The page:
The use of Trichogramma is one of the oldest biological control methods in Europe. Already in the early 1970s, egg parasites were spread on the first corn acreages in order to control the European corn borer. The roots of our company also lay in the early stage of the biological control of the European corn borer in the 1980s.
Over the years the biological control was extended to codling moths and plum fruit moths, as well as to various pests in the greenhouse growing of vegetables or ornamental plants and in the meantime to lepidopteran pests in tropical greenhouses. About 15 years ago, the use of Trichogramma in the stored products protection was developed together with a partner.
Target pests for Trichogramma are the Indian meal moth (food moth), the common clothes moth and the casemaking clothes moth that can be effectively controlled by the use of beneficial insects. Regularly new damaging moths occur. We test the possibility to control them by Trichogramma and develop appropriate control concepts.
Interaction Trichogramma parasitic wasp and target pest
The only 0.3 to 0.4 mm small Trichogramma parasitic wasps are natural antagonists of numerous lepidopteran pests. The tiny hymenopterans parasitize pest eggs, that is, they occupy them with their own eggs. The pest egg is eaten up while a little beneficial insect develops inside. After about 10 days, a young parasitic wasp hatches from the killed moth egg and looks for further moth eggs.
The cycle repeats as long as there are pest eggs. Naturally occurring populations are not sufficient for a successful control. A seasonal settlement is also only possible in a few cases. Therefore, the beneficial insects are bred en masse and targetedly released every year during the oviposition of the target pest.
The Trichogramma parasitic wasps may also be used against pests like
- Bee moths in bee colonies and bumblebee boxes for the pollination in greenhouse growing
Application systems TrichoKarte and TrichoKugel
TrichoKarte and TrichoKugel have proven to be optimal application systems. They contain parasitic wasps in up to 10 different stages of life, in order to hatch in a period of two to three weeks depending on species and target pest.
Expertise and long-term experience
The team of AMW has many years of experience in the breeding of Trichogramma. Through the own development of new mass breeding systems and mechanical manufacturing techniques, today we are able to supply large quantities within a very short time.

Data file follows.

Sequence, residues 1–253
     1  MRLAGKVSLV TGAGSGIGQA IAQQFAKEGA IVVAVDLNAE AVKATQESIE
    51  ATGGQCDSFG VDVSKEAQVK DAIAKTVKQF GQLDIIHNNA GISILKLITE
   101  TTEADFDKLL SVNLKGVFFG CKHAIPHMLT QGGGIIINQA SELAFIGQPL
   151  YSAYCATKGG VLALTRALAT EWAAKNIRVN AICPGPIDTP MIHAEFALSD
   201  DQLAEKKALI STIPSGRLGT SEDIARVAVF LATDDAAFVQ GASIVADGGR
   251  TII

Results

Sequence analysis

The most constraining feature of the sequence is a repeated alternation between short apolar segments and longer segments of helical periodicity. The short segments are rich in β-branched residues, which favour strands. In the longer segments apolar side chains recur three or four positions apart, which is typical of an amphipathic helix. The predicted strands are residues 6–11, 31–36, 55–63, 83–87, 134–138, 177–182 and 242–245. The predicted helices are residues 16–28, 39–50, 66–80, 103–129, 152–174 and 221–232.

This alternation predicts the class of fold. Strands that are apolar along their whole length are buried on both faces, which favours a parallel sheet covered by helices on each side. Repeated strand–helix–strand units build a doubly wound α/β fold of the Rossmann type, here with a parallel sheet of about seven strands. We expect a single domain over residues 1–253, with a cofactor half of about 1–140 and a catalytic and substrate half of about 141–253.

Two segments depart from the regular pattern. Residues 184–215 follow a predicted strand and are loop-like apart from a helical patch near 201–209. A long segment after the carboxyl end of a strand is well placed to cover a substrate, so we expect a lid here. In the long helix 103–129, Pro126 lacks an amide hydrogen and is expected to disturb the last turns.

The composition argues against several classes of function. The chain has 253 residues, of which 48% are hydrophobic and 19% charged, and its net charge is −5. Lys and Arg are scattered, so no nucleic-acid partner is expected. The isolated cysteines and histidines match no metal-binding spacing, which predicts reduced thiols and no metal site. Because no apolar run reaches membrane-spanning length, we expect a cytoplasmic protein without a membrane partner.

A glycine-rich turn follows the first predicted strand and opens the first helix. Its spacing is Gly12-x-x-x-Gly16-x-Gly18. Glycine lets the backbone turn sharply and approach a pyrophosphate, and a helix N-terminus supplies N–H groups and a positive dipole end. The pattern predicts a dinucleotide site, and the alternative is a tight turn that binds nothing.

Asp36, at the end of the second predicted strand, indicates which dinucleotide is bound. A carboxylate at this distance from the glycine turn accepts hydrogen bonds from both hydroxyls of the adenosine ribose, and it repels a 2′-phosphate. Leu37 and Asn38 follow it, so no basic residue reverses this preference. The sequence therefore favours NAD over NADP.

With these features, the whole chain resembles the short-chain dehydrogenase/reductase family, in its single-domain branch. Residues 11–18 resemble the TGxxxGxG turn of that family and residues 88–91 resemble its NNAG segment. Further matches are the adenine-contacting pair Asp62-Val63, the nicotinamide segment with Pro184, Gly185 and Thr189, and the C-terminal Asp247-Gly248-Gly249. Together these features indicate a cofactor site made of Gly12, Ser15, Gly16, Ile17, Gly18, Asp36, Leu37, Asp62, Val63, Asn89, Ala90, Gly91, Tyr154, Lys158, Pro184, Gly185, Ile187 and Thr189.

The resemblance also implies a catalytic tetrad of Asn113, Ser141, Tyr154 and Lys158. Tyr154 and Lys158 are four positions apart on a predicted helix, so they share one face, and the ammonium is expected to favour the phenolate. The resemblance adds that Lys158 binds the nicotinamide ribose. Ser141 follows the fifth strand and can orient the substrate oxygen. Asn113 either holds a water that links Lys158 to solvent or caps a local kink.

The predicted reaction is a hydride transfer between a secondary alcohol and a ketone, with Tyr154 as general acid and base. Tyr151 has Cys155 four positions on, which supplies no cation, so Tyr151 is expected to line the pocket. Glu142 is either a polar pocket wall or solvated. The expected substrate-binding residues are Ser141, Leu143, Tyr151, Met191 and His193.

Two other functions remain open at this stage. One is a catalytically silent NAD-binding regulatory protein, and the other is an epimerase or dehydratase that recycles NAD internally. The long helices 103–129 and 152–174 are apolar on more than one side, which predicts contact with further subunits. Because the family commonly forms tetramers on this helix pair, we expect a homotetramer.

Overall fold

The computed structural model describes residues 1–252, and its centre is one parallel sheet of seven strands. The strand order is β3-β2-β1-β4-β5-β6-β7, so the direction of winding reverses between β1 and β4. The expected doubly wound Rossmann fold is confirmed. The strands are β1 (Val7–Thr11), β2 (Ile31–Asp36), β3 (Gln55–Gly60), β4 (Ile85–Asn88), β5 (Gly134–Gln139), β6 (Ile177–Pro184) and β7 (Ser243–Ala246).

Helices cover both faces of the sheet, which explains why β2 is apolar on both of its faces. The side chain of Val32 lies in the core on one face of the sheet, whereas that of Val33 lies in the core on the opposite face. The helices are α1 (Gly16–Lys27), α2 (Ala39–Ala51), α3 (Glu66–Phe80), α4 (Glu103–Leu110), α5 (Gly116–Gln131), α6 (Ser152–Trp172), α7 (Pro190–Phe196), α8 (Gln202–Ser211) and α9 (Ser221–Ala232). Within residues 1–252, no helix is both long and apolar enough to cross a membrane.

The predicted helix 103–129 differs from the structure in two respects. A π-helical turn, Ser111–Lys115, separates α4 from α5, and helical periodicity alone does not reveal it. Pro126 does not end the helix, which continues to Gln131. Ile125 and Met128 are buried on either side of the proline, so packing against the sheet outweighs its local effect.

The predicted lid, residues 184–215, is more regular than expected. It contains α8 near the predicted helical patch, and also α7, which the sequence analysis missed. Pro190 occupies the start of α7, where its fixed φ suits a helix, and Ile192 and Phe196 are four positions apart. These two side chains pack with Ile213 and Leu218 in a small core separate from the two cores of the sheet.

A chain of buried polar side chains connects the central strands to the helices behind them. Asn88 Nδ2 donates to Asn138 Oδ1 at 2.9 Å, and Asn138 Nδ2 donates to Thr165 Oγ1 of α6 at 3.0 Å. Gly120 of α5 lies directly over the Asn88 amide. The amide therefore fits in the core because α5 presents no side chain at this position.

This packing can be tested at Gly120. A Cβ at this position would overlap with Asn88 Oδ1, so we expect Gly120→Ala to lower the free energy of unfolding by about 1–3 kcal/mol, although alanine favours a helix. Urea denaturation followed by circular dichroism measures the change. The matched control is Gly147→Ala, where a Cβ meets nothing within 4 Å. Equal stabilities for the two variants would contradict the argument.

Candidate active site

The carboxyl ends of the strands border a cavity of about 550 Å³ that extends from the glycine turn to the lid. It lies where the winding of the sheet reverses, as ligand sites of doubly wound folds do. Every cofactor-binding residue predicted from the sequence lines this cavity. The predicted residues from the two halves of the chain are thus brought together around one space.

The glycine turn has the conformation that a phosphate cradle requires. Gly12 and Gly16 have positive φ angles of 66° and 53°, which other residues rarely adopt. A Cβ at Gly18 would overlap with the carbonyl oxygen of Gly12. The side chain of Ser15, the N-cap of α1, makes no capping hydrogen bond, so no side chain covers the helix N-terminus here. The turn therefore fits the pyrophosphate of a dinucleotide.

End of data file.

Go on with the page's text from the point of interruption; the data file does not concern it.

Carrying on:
Besides the mass breeding, in our laboratories we maintain a collection of more than 200 strains of 30 different Trichogramma species that amongst others come from outdoors baiting and collected pest eggs. Interesting breeding lines are checked by us in extensive laboratory tests and field trials in terms of their appropriateness for the control of damaging moths. In this way suitable antagonists of cabbage moth, codling moth etc. could already be determined.
The molecular biological identification of Trichogramma parasitic wasps
For the quality control of Trichogramma, criteria like number, lifetime, number of offspring, host acceptance and host preference are evaluated.
The morphological determination of the only 0.4 mm small Trichogramma parasitic wasps that are used against damaging moths in plants and also in the stored product protection is very difficult, because a preparation of the male genital apparatus must be carried out for it.
Due to species-specific host and habitat preferences of the individual Trichogramma species and the related suitability to control a specific pest, the taxonomic determination of the Trichogramma is indispensable.
In-house examination by PCR
The molecular biological examination by PCR is a possibility to reliably identify the different Trichogramma species. We regularly examine the Trichogramma species in our laboratory for different quality parameters and thus optimize the effectiveness for the control.
The beautiful pictures and movies of Trichogramma are the result of a cooperation of Mister Prof. Urs Wyss, University of Kiel and Bernd Wührer for the short movie on the Biology of Trichogramma parasitic wasps.